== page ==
Ordinary pitchers do not get their uniforms dirty.
Brian Johnson showed Saturday night why he is no ordinary pitcher.
The Gators’ starting lefty from Cocoa Beach set the tone for the game early in the second inning when he belted a sizzler down the right field line and chugged around the bases before diving headfirst into third for the game’s first hit.
While the hit may have cost the team a few extra wash cycles in the locker room, Johnson’s triple ignited a dominant performance from him in the batter’s box and on the mound as the Gators (33-10, 16-4 SEC) cruised to an 8-1 win over the Mississippi Rebels (24-19, 9-11 SEC).
Florida catcher Mike Zunino marveled over Johnson’s ability to churn out great performances offensively, especially when starting the game on the mound.
“I think [by getting chances to hit] he can take his mind off pitching for a little bit and just focus on having a little fun at the plate,” Zunino said. “It’s amazing he can do both.”
Although recording his second triple of the season, Johnson would certainly not be confused with Sonic the Hedgehog. Zunino said Johnson gave his teammates both inspiration and heckling material as he rumbled around the bases with his 6’3,’’ 225-pound frame.
“We always do [heckle him], but he gives effort any time he can and tonight he sniffed the triple and just started booking it around second,” Zunino said. “He gets everyone excited and we all know Brian can hit. He can go off any night, and for him to do that is really no surprise for us.”
The triple sparked a complete performance from Johnson in which he went 6.2 innings and surrendered zero runs on the mound to improve to 7-1 and a 2.26 ERA.
Johnson also gave a packed McKethan Stadium crowd of more than 4,300 a chance to shout, “Sit down!” nine times to disgruntled Mississippi hitters as he matched his career high in strikeouts.
After loading the bases by surrendering consecutive hits and walking a batter on four pitches in the third inning, Johnson escaped with no earned runs and never looked back. For the rest of his outing, Johnson gave up only two hits and walked none, saying that he found a groove by keeping Mississippi batters guessing.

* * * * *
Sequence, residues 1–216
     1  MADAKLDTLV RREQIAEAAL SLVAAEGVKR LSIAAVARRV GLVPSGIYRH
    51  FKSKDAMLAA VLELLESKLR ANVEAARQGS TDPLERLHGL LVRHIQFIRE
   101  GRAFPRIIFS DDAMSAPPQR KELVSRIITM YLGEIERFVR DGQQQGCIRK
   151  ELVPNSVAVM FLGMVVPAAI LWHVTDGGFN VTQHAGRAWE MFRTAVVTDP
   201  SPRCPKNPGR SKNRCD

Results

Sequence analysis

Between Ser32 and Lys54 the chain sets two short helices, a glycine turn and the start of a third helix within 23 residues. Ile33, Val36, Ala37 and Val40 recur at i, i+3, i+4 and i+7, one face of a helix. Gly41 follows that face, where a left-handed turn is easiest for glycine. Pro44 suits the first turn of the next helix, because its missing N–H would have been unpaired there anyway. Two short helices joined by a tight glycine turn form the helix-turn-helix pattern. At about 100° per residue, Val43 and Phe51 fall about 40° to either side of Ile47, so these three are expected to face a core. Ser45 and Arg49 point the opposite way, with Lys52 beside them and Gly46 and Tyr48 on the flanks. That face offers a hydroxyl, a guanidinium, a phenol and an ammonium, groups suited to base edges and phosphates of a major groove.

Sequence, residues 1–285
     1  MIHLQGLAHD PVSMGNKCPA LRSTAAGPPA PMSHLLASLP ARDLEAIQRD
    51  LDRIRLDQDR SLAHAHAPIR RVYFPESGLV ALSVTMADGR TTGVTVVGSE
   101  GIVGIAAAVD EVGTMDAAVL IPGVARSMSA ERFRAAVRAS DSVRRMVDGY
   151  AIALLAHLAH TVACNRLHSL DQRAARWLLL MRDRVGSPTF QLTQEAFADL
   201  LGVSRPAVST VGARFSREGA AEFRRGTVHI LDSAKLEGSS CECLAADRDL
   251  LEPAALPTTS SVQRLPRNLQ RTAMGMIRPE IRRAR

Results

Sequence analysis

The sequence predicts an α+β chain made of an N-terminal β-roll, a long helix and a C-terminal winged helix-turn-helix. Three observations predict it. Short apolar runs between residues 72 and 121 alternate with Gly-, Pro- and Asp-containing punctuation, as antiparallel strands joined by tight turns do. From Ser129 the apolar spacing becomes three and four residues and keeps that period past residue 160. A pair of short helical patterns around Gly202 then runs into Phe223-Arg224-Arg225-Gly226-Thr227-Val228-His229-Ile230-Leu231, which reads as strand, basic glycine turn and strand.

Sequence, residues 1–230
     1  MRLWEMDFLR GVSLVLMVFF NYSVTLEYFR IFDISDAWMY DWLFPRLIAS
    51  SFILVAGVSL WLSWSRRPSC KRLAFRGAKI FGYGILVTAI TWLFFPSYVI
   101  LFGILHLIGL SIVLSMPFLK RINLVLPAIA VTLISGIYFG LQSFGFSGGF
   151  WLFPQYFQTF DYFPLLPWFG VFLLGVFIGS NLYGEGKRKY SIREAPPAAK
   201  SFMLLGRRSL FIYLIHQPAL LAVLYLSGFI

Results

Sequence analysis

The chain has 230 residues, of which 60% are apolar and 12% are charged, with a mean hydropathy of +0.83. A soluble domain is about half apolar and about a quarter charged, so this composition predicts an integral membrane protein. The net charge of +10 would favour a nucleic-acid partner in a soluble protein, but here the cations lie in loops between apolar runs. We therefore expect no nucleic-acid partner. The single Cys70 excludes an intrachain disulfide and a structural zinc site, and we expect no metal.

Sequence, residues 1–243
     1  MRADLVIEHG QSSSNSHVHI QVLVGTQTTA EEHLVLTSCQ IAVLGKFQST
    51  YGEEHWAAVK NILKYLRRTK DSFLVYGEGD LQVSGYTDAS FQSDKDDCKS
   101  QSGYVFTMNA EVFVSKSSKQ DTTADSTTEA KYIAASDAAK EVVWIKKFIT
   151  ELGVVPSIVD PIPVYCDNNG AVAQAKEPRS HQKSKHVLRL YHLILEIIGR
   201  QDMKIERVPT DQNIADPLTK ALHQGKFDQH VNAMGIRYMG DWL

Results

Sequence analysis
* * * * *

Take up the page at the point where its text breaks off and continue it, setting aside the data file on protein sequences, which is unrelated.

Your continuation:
“I think I just kept them off balance for awhile,” Johnson said. “I really pounded low and away and had both sides of the plate working. The umpire was giving me the low strikes, so you might as well keep it there.”
Despite the two-way dominance from Johnson, there were other studs for the Gators that hammered away at Mississippi starter David Goforth (L, 3-6, 4.96 ERA) and reliever Mike Mayers (1-0, 5.47 ERA).
Zunino and third baseman Jeff Moyer both smacked out homers and tore up the batter’s box to a combined 4-for-8, three runs and four RBIs.
Moyer’s homerun came as a solo shot in the sixth to put the Gators ahead 7-0.
“He threw me a fastball right down the middle,” Moyer said. “It was a 1-0 pitch and I was sitting dead-red and he threw it right where I wanted it, so I put a good swing on it. You don’t see those too often, but when you get them you got to hit them.”
The win gives the Gators a five-game winning streak since their loss to UCF on April 20, and coach Kevin O’Sullivan said the team is playing with renewed confidence.
“I think they are playing with a little bounce, and I think they are playing with a little fun,” O’Sullivan said. “Getting a lot of guys in there contributing is helping us out a lot. I knew we were going to start swinging the bats better as the season went on and we are seeing the ball well right now.”
The win also keeps Florida deadlocked for first in the SEC with South Carolina and Vanderbilt, who both won on Saturday as well. With the series against Mississippi already locked up, the Gators will look to complete their second consecutive weekend sweep tomorrow at 1 p.m. at McKethan Stadium. Florida freshman righty Karsten Whitson (5-0, 2.25) will oppose Mississippi junior left-hander Austin Wright (4-3, 4.36) in tomorrow’s series finale.
In such a heated race for the conference crown, the players expressed the importance of not looking ahead or adding pressure.
“You have to take it game-by-game and pitch-by-pitch,” Moyer said. “You have to come out and do your job everyday and the rest will take care of itself.